Yes, this would fall under my fourth answer, and depends very much on the nature of the data you are given (which is not necessarily normal). Unfortunately, such modeling is beyond my level of expertise; so I would revert to my earlier suggestions unless precision was worth hiring a professional statistician!

]]>Could you use a normal distribution on the data in the other classes and model its skewness and kurtosis, then from this give an estimate for the upper limit?

I have run across a similar problem calculating the average wind speed in an area over the year, where the data is presented as the number of days that had wind speeds in certain classes. To further complicate this problem, there were varying class widths!

Not sure how to adjust and model a distribution curve from partial data though. Sorry I cant help much further, hopefully someone else can?!

]]>Reread my answer to Pramod (2016), who used the (N+1)/2 (simulated) data value as you want to do. With my correction to how he was distributing data values across the class, I showed that we get the same answer as the formula containing N/2. My conclusion was that his work, based on modeling the grouped data with evenly spaced data points, was just another (but harder) way to get the same result as the formula that I derived from a piecewise-linear continuous CDF.

Again, the definition of the median for a continuous distribution is the value such that the cumulative probability is 1/2; we just multiplied N by that. In the formula, we aren’t “finding the N/2th observation”; we are measuring 1/2 on a continuous scale from 0 to N. Pramod used the (N+1)/2th observation, and got the same result. So the two approaches are not in conflict, but equivalent.

I have to think about this more, but I suspect that what happens here may be related to the “continuity correction” (subtracting 1/2) that we use when we apply the normal distribution to estimate a binomial CDF.

]]>Hi, Aditya.

First, on the gaps: That’s a fair question; to me it seemed obvious, perhaps from experience spacing pictures evenly on a wall, but it does deserve explanation.

One way to think of it is that I want each point to be in the **middle** of an equal **region**, so in effect I divided the class into 6 equal parts and put the data points at the center of each. In the example, the first region would be from 80 to 80 + 5/3, and the middle of that is at 80 + 5/6.

To make it more visual, here is a simplified example in which I have two classes, each 12 units wide, and I want to put 3 points evenly spaced in each. If I made all **gaps** equal, including those at the end of a class, I would divide by 4 (since there are **4 gaps**) and space the points 3 apart in each class:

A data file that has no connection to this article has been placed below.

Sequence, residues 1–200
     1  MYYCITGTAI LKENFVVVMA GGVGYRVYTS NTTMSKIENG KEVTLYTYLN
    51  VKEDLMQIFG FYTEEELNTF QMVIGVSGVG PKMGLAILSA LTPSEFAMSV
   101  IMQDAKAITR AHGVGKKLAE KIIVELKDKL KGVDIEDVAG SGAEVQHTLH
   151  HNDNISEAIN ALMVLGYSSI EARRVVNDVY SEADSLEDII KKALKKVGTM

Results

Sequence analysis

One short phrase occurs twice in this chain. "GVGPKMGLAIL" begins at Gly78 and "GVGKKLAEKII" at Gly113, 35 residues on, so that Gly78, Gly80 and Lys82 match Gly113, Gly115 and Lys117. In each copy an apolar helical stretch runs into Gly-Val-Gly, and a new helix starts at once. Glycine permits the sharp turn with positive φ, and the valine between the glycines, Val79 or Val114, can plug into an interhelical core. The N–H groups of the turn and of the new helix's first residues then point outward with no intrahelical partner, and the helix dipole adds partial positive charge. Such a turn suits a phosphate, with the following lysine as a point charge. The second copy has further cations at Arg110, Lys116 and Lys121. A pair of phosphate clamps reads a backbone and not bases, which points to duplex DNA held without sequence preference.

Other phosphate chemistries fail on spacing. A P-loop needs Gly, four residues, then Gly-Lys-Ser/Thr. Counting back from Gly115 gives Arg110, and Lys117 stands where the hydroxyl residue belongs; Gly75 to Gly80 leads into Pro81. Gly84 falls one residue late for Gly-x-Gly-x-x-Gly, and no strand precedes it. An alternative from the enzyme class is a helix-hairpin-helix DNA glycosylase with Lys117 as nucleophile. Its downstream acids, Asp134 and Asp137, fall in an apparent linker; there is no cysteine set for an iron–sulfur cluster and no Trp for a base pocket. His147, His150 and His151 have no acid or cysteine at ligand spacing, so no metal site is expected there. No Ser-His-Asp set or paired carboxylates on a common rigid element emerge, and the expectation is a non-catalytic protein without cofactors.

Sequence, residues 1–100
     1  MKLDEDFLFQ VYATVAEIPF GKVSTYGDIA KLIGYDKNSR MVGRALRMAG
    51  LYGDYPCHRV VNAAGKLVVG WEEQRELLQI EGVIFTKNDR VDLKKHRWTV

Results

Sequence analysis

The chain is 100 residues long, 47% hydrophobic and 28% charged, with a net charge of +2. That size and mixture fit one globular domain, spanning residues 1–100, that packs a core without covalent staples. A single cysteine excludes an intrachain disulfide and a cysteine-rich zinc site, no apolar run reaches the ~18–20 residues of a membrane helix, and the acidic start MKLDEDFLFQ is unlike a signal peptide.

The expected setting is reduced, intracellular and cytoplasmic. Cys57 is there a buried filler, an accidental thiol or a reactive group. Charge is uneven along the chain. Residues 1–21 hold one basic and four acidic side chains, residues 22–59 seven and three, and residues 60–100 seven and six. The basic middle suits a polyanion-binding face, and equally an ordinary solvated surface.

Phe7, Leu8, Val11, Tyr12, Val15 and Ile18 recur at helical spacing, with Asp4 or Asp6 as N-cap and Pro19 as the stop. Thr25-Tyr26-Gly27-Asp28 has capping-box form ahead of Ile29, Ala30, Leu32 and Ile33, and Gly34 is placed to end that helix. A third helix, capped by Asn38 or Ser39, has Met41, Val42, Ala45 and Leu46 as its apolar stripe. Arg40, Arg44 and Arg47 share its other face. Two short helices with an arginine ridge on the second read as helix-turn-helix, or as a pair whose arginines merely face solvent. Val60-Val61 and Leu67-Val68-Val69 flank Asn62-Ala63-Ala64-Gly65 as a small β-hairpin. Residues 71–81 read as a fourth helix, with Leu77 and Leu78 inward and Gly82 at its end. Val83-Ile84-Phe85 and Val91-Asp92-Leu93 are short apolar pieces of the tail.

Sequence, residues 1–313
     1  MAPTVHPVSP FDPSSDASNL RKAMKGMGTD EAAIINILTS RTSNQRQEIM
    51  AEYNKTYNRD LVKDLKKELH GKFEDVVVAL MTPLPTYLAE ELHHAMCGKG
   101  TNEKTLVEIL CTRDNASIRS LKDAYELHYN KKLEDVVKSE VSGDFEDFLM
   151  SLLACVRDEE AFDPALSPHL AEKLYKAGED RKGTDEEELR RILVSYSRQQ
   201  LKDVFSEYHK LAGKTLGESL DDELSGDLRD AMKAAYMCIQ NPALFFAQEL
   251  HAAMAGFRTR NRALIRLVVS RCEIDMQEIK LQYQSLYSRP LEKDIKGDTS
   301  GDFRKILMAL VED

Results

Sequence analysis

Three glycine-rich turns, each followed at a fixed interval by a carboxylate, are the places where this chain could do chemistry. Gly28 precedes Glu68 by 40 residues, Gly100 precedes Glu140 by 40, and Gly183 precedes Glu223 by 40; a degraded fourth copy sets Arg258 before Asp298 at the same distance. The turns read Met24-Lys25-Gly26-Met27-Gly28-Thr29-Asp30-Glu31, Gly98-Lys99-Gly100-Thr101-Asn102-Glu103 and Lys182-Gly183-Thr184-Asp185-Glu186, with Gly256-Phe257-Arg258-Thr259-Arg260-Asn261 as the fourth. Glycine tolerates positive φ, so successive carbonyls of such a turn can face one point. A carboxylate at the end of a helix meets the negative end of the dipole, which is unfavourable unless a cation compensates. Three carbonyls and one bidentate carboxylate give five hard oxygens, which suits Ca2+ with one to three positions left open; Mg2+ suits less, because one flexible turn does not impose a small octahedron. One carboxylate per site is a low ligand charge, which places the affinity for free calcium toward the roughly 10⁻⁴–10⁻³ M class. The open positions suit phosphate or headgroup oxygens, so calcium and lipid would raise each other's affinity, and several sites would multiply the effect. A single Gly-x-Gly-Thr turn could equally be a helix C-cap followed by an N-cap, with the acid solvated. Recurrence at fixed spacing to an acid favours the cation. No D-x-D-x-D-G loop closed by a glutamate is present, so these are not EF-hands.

But instead, I divide by 3 (since there are **3 points**), and put each point in the middle of an interval with width 4:

Which looks more evenly spaced? The latter, I think! The spacing to the end points of the classes is not meaningful; the spacing between data points is. At the boundaries of a class, that spacing is shared with the adjoining class, which is why we want half as much.

Now, on the ogive: Actually, we are assuming that **no** data point is exactly 80 (just as in my pictures above I put no data points at the boundaries). The point (80, 9) represents the given fact that 9 data points are **less than** 80. (That is, 4 + 5 are in the previous classes.) This is what the CDF means. It does not imply that the 10th is at 80.

But in your thinking about this, keep in mind that nothing we do can be exact, because we don’t know the actual data points anyway. All we can use is the data we have. The CDF is just a convenient approximation to reality, in which the 80 is an arbitrary location, not necessarily relevant to the actual data.

]]>Sir, I am a 10 grade student from India. I was not able to understand that while uniformly distributing the data over the median class, why did you take the first and last gap as 5/6 and all other gaps as 5/3? As we have to distribute the data uniformly, shouldn’t all gaps be equal?

Also sir, while drawing the ogive graph above, according to my understanding the point (80,9) represents that the 9th observation is assumed to be 80. But sir shouldn’t it be corrected as (80,10) because the 9th observation belongs to the previous class of 70-80, and the 10th observation belongs to 80-90? Please explain. Awaiting for your kind reply. Thanks.

]]>You asked in Turkish, “How did you solve this?”. We’ll see whether Carlos has more to say. But as I said, it was probably a “non-solution” like those I discussed.

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